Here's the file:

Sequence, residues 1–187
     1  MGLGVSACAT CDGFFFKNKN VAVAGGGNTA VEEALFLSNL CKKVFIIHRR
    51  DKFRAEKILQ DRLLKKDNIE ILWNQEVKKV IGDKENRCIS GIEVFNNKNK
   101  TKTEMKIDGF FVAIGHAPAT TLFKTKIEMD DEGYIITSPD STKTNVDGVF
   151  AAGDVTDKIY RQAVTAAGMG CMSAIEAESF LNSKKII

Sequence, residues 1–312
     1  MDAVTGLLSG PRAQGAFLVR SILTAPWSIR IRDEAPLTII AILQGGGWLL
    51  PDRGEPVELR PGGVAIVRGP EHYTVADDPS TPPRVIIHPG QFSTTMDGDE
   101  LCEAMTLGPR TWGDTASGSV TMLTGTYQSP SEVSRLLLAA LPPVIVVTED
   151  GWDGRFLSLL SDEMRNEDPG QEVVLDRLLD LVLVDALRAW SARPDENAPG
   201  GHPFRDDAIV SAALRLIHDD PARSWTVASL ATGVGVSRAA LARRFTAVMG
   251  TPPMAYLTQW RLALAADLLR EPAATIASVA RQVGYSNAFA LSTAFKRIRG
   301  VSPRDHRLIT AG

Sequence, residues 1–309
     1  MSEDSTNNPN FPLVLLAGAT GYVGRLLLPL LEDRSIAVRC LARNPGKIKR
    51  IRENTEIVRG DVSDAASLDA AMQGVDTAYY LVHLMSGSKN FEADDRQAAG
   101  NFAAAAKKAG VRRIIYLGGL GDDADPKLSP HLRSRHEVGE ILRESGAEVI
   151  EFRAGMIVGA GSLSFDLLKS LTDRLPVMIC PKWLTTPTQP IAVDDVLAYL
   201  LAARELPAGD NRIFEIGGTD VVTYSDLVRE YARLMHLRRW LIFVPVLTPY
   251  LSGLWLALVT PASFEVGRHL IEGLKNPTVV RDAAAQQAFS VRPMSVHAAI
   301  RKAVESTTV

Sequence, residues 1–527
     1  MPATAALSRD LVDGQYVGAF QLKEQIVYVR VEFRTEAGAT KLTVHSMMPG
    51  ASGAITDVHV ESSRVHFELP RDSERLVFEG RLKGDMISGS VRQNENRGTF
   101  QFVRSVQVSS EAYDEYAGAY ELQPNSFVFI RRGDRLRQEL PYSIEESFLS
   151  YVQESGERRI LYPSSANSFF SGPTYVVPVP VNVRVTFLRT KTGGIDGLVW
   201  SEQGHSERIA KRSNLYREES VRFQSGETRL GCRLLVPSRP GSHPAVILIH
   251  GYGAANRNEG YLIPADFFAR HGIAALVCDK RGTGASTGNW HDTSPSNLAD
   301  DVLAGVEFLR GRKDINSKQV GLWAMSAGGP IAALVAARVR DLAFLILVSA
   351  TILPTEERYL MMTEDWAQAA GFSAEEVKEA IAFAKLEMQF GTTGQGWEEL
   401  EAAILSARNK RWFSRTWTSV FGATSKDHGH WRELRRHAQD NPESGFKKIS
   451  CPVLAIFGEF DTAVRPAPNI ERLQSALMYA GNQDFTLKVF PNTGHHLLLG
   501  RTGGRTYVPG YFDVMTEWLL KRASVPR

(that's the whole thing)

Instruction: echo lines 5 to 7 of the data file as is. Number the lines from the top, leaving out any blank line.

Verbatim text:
   151  AAGDVTDKIY RQAVTAAGMG CMSAIEAESF LNSKKII

Sequence, residues 1–312
     1  MDAVTGLLSG PRAQGAFLVR SILTAPWSIR IRDEAPLTII AILQGGGWLL